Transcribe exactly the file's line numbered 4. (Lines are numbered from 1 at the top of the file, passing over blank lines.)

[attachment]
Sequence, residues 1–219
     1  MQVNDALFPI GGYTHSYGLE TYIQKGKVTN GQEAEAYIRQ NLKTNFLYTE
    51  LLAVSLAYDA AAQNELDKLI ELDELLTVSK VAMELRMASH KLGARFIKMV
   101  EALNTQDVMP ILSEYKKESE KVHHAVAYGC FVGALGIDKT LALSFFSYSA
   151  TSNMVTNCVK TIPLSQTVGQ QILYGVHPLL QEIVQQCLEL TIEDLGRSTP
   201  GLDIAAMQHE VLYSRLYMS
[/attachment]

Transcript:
   101  EALNTQDVMP ILSEYKKESE KVHHAVAYGC FVGALGIDKT LALSFFSYSA